School clubs can be a quintessential part of every child’s life. Despite the academic challenges that come from taking classes and preparing for tests, many students still join clubs. People find fulfillment in joining groups, so they see the increased workload worthwhile.
However, what exactly do students get from joining school clubs? It turns out that club participation has beneficial effects on mental health, as clubs can act as a second family.
Providing Support Systems
The most direct benefit of school clubs is that they allow students to meet new people. Clubs revolve around a particular interest, so its members are more likely to bond over shared interests.
Since clubs often take members from various levels, they are an excellent venue for meeting people outside your classroom. Many students find companions within clubs, allowing them to expand their circle of friends.
Like a family, a health club offers a robust support system for members. Participants have shared experiences that bond them together. This solidarity allows the group to become a closely-knit group.
Many members feel secure as a part of the club, trusting the members enough to share any problems they may have in life. They can expect to receive emotional support from the group, and in turn, they also reach out to other struggling members.
The support system offered by student organizations is suited to the challenges that children face in school. In these groups, members have other students as peers. Their similarities mean that the kids can better relate to one another and think of corresponding solutions.
Improved Academic Performance
Some parents think that school clubs are a distraction from classes. However, more often than not, academic performance improves when the student joins a club. Indicators of academic achievements, such as grades, test scores, and study habits, are higher for students who join organizations.
School clubs indeed require commitments in terms of time and effort. However, being a member also teaches children to take increasing amounts of responsibility. Activities such as organizing club events require a level of agency and self-efficacy, which can translate into other areas of life.
Furthermore, some clubs are academic. For example, some clubs might focus on particular fields such as chemistry or music. Other organizations might specialize in helping students succeed in certain activities like debate or quiz bees. By their very nature, joining these organizations will directly improve your academic performance.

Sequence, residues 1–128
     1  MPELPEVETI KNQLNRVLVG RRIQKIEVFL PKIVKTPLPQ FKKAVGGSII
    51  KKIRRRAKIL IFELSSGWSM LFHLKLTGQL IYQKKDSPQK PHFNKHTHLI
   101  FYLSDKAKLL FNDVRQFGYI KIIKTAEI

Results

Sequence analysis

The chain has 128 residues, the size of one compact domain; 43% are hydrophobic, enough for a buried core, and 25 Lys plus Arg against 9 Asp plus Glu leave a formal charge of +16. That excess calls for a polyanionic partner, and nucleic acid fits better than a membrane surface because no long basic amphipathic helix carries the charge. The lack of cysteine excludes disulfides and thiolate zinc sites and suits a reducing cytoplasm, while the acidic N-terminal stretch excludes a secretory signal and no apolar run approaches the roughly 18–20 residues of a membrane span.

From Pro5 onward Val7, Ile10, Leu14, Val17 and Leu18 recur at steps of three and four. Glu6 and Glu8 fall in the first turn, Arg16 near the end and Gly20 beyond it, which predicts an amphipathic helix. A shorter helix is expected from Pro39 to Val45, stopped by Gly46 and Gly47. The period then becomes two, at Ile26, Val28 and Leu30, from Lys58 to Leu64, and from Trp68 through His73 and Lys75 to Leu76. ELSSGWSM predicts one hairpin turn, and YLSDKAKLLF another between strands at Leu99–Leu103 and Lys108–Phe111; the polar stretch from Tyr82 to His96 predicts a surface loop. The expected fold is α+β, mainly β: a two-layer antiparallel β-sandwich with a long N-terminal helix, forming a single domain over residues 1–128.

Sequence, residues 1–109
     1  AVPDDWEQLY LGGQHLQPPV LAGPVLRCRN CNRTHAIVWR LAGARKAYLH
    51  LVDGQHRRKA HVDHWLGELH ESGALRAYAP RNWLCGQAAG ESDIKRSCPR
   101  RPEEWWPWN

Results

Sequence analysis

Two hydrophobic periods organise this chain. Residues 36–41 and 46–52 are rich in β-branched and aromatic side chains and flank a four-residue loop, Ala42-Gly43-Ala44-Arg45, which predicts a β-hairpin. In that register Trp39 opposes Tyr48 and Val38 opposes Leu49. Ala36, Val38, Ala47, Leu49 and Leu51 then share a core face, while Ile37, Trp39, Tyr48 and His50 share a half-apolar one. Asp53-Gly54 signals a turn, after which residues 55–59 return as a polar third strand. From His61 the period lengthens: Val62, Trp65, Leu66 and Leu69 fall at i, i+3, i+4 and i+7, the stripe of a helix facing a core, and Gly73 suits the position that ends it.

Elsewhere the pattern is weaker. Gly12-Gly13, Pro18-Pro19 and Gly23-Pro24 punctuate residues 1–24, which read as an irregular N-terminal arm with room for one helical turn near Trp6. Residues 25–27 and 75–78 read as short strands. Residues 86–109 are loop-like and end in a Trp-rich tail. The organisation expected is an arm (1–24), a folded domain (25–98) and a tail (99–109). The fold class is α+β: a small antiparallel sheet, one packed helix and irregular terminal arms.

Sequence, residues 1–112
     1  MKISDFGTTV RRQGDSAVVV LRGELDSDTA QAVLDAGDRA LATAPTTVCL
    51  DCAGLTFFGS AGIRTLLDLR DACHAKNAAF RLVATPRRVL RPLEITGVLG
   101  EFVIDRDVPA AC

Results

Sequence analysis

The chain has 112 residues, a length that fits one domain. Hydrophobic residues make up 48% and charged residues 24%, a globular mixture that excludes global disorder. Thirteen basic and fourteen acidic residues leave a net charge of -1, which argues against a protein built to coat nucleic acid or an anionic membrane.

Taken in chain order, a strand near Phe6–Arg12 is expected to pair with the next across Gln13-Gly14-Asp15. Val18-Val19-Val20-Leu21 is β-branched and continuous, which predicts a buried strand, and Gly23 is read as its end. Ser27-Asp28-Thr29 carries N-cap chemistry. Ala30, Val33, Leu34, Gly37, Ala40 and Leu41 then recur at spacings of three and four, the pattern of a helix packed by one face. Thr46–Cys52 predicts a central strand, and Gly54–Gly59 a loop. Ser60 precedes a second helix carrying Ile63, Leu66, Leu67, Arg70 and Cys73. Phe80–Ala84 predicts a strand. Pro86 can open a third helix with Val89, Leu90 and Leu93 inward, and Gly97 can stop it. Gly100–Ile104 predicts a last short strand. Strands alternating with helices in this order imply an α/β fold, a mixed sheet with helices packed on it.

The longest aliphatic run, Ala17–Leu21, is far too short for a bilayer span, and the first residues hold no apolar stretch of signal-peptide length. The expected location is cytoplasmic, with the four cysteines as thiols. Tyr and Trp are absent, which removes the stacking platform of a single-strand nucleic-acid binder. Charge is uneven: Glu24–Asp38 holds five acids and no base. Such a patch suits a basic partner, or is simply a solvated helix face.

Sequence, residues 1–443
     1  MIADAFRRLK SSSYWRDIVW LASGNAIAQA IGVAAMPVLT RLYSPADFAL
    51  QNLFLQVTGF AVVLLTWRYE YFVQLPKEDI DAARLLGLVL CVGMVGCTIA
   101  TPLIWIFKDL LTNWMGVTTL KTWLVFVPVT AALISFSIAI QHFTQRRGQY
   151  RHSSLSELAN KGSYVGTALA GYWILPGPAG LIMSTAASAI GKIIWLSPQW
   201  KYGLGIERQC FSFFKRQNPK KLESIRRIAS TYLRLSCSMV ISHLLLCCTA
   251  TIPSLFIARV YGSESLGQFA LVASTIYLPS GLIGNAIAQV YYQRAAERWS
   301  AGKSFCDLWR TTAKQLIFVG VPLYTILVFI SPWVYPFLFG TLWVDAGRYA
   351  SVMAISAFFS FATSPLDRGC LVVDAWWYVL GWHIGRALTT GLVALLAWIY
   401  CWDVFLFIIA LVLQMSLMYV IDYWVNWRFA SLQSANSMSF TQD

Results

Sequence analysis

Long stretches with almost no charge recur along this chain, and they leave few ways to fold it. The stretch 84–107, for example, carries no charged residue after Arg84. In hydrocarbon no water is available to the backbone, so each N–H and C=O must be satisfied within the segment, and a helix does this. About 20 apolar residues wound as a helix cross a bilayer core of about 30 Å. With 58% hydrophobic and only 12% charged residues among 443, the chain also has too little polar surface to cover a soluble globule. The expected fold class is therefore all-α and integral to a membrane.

Cultivating Social Skills
Another mental benefit of joining organizations is that kids get to interact with more people. While club members tend to have common interests, they still come from a wide range of backgrounds.
Diversity means that children get to interact with many people of varying personalities and work ethics. Hence, they will have to develop social skills to form working relationships with diverse sets of people.
Most club projects require teamwork and coordination, so students need to work together to achieve their goals. They are also excellent avenues for developing leadership skills, encouraging your child to lead projects and to delegate the work at hand.
Club members need to learn conflict resolution as they set aside personal differences to focus on achieving larger goals. They need to learn to cooperate with others, even those who might have personalities incompatible with theirs.
Clubs are a great way to build confidence and self-esteem, especially as they achieve their milestones. Being a club leader is more challenging, but it can help kids learn crucial leadership lessons that they will use throughout their lives.
Organizations are also hotbeds of creativity. Members frequently brainstorm by discussing issues and figuring out possible strategies. They then formulate plans to achieve their goals.
Action-oriented problem solving enforces the mindset that ability is a product of hard work and strategic thinking. In turn, adopting this mindset allows the organization, and its members, to perform better.
As Andy Tix, Ph.D. puts it, “one of the basic psychological determinants of a student’s performance involves how they explain failure and success to themselves.”
It might seem that only extroverted students get to reap the social benefits of clubs, but this is false. Even introverts can find camaraderie in a student organization. With co-members that accept them as who they are, they might also learn to become more outgoing through these groups.
To get the best benefits of joining school organizations, students must be careful in choosing which clubs to enter. They should take into account both their interests and the culture that’s promoted internally by the organization.
It’s wise to choose only a few clubs to allow for deeper engagement instead of joining several clubs but being unable to dedicate enough time for each.
On days when the school allows organizations to highlight themselves to potential applicants, students should consider the clubs that pique their interest. They should then research to narrow down their choices. It’s good for them to speak with someone from the clubs themselves to get a clear picture of the club experience.
Finally, students who join clubs should be able to dedicate enough time and energy without compromising other aspects of their lives. If they find themselves sacrificing their academic performance or family time, it might be time to reevaluate their membership.
Overall, clubs are a great way to gain a support group, improve academic performance, and learn social skills. If you’re a student, take note of these benefits the next time your school hosts an organization fair. Join a club now and grab the experience of a second family!